The Press Newspaper

Toledo, Ohio & Lake Erie

The Press Newspaper

The Press Newspaper

As the holiday approaches, Marlene Long is looking through her recipes, anxious to try out some new holiday dishes to showcase the bounty from her herb garden.

Long, who retired Oct. 1 as a dispatcher with the Lake Township police and fire departments, is enjoying having the time to devote to her new hobbies.

“I’m liking it,” she said. “Especially with the winter coming upon us. I worked from six at night until two in the morning or from four till midnight.MarleneLongCMYK

“I don’t miss coming home in the dark in the winter. “As I got older, that was less fun.”

Long began her career in law enforcement as a patrol officer with the Lake Township Police in 1978, the year the department was formed.

Originally from Luckey, she had worked as a waitress and a factory worker, but had a longtime interest in law enforcement. “It was always in the back of my mind,” she said.

Sponsored by the Luckey Police Department, she attended the Ohio Peace Officers Academy through Criminal Justice Technical Training Academy, which was housed at the Lucas County Jail.

After serving four years as a patrol officer she became a detective, investigating a number of cases, including the abduction and assault of a young fuel clerk from a Lake Township truck stop in November 1988. The perpetrator, Oscar Ray Bolin was found, convicted and imprisoned in Ohio and was later extradited to Florida where he was found guilty of murdering three women. “He’s suspected in several more murders across the country,” Long said. “He’s on death row.”

She was also among the investigators in the case of John Lach, the former Clay Center mayor convicted of murdering his estranged wife Elaine with a homemade pipe bomb rigged to a timed mechanism behind the driver’s seat of her car in April 1987.

Mrs. Lach had left her job at the Penney’s store at Woodville Mall and was traveling home on Woodville Road in Lake Township when the bomb detonated.

“We went to talk to her at the hospital. She wasn’t able to talk, but she was able to respond by blinking her eyes and nodding her head,” she said. “She said that he had done this to her. She later died, but we were able to get her husband arrested for that.”

After spending 15 years as a detective, Long took an early retirement in 1997 to care for her husband Ralph, who was diagnosed with cancer.

“After he passed away, I stayed retired for six years, but I guess I missed it,” she said.

It was LisaAnne Gregg who encouraged her to come out of retirement. “She was dispatch supervisor, and she told me they needed help at that time,” Long said. “I had been thinking about going back – but not as an officer – and I thought dispatching would be good.”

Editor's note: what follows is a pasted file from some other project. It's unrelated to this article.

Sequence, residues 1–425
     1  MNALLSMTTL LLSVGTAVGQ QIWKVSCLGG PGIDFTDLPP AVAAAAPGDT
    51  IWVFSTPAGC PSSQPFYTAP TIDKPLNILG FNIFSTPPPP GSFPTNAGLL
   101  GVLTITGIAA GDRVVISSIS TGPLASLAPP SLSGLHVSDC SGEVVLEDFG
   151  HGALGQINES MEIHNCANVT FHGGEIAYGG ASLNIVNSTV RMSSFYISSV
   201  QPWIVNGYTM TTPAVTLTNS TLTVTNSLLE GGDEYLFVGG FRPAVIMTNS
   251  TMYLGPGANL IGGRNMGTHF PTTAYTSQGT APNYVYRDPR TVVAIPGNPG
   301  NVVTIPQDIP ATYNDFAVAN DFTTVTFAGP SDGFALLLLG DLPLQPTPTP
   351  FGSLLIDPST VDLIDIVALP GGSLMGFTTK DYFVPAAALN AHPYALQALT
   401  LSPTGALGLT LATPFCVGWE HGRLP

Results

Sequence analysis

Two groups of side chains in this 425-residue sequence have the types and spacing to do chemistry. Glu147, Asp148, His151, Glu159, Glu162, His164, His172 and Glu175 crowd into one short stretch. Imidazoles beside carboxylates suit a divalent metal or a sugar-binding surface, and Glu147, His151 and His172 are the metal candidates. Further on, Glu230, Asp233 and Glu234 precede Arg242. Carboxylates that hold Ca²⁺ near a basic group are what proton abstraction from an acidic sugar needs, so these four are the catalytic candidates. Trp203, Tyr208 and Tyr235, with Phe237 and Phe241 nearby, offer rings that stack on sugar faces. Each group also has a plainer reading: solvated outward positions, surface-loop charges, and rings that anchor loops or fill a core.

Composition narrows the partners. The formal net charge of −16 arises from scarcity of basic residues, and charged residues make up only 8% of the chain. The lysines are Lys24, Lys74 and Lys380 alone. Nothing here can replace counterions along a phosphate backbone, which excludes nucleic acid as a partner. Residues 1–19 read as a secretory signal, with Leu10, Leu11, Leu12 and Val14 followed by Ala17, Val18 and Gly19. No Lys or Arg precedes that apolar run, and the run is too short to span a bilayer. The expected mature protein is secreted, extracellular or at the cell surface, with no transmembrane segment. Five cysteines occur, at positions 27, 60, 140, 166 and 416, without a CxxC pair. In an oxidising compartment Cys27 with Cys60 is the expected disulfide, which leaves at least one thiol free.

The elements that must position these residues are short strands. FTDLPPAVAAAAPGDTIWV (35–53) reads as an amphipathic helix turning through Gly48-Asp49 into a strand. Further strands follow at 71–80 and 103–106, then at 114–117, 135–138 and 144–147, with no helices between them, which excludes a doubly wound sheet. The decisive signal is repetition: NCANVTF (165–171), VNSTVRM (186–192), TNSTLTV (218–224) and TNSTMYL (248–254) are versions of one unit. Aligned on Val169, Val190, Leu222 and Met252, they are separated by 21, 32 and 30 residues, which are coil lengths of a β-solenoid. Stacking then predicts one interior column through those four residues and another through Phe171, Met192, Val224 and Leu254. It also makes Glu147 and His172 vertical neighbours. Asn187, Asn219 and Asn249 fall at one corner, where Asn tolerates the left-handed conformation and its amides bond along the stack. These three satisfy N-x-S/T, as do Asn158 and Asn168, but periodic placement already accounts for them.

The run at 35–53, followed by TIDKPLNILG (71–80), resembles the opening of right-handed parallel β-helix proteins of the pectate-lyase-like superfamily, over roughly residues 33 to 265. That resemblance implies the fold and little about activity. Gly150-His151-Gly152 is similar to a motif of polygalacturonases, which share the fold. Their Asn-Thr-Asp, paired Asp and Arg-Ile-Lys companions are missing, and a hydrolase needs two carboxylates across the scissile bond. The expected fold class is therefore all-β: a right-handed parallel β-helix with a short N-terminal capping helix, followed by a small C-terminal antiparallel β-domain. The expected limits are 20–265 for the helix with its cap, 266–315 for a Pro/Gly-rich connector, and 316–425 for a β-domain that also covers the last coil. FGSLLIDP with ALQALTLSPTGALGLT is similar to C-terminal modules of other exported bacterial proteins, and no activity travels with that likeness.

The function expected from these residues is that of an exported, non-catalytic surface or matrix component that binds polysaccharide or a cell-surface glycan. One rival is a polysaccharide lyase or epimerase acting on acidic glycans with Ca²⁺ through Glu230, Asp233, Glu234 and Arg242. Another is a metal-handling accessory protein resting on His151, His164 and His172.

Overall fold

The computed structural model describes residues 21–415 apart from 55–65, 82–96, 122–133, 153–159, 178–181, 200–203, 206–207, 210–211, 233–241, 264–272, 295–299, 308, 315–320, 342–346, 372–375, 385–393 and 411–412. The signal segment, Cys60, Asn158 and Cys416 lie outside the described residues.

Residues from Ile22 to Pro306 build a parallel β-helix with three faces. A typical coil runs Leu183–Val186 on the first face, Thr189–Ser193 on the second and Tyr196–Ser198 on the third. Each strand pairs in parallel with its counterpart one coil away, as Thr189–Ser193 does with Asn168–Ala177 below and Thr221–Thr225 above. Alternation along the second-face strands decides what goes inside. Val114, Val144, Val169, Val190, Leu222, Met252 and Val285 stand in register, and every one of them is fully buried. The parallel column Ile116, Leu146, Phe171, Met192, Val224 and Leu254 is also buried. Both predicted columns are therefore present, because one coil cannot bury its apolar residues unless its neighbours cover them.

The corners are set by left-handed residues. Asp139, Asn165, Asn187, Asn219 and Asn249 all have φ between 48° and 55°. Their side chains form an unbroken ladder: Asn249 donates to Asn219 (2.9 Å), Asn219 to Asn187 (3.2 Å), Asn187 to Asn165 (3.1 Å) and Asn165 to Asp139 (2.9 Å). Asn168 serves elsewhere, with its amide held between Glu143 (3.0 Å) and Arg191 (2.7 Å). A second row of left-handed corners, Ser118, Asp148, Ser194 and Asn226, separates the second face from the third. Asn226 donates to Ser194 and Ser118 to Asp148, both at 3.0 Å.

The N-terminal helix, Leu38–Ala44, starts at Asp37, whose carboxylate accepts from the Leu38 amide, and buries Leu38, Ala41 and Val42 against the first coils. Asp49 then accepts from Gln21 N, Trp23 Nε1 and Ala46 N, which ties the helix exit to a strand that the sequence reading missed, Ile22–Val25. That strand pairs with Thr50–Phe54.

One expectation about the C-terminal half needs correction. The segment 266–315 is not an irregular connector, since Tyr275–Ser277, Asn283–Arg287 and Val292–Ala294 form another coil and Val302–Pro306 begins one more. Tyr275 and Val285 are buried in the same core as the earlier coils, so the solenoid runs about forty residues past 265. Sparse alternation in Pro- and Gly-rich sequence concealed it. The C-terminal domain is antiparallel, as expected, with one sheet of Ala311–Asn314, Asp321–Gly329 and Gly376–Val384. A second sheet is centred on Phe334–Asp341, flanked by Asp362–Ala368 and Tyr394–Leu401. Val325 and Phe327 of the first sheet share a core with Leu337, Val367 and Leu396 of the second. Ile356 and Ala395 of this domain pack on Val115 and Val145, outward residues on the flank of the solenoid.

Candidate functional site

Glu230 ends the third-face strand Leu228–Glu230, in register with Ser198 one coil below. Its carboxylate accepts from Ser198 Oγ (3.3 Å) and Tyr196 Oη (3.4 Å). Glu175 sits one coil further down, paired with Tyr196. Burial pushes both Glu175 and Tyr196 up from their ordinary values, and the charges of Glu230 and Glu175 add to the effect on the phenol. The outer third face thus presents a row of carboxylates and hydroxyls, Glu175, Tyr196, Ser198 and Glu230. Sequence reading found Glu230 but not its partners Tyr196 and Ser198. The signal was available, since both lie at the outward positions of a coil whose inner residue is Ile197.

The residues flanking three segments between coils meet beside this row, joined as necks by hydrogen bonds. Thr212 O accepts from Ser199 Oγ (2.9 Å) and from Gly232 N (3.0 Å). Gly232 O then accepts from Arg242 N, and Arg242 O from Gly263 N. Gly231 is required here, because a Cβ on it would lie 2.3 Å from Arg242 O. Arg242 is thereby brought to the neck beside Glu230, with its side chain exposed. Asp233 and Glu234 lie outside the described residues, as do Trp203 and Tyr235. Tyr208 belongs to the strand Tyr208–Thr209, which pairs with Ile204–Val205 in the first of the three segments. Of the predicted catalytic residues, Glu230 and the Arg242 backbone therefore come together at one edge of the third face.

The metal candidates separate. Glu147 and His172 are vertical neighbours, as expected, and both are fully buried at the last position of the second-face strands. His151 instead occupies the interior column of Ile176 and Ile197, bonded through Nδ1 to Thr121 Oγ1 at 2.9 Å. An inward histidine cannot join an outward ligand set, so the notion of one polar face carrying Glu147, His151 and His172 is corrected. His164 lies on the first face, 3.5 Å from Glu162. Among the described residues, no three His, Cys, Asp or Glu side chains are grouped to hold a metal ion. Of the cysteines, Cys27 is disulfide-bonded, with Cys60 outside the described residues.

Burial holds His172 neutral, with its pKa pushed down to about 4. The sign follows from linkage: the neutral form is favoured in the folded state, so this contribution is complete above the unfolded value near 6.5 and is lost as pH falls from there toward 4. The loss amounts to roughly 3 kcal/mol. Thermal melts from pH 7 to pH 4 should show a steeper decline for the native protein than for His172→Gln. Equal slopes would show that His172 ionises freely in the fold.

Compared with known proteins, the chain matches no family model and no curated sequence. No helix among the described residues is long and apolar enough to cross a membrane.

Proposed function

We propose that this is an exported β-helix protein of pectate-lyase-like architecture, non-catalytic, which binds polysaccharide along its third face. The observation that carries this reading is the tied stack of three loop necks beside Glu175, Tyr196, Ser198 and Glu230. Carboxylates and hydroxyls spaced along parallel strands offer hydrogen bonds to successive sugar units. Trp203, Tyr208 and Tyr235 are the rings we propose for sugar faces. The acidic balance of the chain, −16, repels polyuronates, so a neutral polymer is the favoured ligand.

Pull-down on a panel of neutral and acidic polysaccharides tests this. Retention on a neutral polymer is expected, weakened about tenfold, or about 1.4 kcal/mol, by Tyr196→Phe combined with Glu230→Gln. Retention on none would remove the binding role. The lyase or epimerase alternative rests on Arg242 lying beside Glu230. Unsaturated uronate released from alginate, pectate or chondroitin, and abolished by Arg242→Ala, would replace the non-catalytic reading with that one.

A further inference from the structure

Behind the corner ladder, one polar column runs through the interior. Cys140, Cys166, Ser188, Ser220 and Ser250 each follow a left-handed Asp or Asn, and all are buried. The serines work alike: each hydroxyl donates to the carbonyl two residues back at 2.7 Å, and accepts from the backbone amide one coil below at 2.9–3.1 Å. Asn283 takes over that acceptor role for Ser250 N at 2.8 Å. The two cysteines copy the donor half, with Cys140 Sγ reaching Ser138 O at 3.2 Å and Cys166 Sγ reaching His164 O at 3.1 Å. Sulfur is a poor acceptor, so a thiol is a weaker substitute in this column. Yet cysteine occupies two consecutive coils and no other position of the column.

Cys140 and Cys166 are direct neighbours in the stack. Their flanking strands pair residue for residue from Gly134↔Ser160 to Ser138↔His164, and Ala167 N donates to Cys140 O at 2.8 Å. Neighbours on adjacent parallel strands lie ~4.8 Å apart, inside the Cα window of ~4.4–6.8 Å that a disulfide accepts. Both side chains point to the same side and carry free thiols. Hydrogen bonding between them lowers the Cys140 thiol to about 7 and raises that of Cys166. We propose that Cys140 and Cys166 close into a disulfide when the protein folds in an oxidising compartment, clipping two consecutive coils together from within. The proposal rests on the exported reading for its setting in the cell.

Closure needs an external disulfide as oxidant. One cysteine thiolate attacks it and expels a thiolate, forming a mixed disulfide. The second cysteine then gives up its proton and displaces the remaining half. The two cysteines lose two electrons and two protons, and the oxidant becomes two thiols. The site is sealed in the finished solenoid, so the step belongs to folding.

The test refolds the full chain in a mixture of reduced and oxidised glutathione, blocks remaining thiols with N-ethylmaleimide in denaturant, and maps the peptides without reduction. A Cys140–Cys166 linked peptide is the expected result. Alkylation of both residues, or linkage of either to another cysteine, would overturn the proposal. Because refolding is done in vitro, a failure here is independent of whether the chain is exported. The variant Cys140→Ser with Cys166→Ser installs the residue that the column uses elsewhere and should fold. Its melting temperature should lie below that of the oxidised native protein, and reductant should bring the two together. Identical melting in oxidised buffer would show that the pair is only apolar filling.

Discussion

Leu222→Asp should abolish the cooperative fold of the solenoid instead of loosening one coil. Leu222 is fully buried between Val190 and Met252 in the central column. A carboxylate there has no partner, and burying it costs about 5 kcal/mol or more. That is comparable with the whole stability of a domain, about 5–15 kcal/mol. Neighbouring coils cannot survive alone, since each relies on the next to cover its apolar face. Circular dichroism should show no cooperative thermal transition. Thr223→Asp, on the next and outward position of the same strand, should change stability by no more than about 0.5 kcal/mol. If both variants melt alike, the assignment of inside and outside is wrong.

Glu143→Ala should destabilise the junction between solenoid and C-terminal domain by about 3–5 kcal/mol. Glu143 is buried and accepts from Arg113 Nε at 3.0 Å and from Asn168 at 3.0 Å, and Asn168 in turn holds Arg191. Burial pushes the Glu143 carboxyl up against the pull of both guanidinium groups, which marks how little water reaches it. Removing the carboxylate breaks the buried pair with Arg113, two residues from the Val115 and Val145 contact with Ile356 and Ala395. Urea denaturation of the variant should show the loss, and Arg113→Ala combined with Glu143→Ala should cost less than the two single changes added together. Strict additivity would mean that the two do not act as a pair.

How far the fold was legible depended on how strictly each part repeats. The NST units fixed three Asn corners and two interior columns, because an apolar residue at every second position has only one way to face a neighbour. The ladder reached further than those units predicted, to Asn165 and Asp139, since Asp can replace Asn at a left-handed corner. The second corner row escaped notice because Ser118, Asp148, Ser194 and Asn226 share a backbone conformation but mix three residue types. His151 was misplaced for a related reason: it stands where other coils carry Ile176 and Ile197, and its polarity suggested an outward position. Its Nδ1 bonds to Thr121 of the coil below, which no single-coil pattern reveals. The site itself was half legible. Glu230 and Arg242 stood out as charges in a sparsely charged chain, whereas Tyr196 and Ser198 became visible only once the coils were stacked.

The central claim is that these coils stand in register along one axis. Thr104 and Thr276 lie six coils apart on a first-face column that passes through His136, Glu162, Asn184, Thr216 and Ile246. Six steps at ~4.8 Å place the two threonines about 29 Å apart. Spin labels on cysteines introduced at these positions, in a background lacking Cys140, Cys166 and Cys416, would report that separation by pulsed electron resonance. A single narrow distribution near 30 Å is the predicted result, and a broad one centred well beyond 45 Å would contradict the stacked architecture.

The job, working for Mercy Lifestar at the Lake Township Police Department, was like “going home,” she said, but dispatching was different, harder in some ways, than police work.

“It’s a stressful job,” she said. “We dealt with three police departments and two fire departments plus members of the public.

“You’re often required to make instant decisions,” she said. “You have to keep the callers on the phone and calm through whatever situation they’re going through; and you have to get the information out to the officer quickly so they can respond immediately.

“The responders need to know what they’re going to and what situation they might be facing when they get there,” Long said, adding she felt her years with the Lake Township Police were invaluable to her as a dispatcher.

She recalled her shift at the Lake Township Administration Building on the evening June 5, 2010.

“I and another dispatcher were working and one of the officers had come in from the road to check on the weather situation,” she said.

“Two paramedics were at the other end of the building, watching the sky and saw a funnel cloud coming across the railroad tracks,” Long said.

“They warned us across the radio and at that point, we dove for cover into a closet in the hallway,” she said. From the shelter of the closet, Long heard a man banging on the door.

“He was screaming, ‘Help me, help me!” she said. “I said to the officer, ‘Somebody out there needs help,’ The officer left to try to get help, but by that time, the tornado was upon us and the building was coming down around us.” “When it calmed down and we came out of the rubble, I looked up and could see sky above us,” Long said.

She recalled as she stepped out of the closet, the young man, Gerald Lathrop, grabbed her and pleaded for help finding his girlfriend, Bailey Bowman. The pair had been driving along State Route 795 and had made a dash for the administration building to seek shelter from the twister.

“They went out and found the young woman in the yard,” Long said. ‘She didn't make it.

“And that was awful,” she said.

After 10 years as a dispatcher, Long thought she’d try retirement again.

“I’m looking forward to relaxing – getting ready for the holidays and spending time with family,” she said.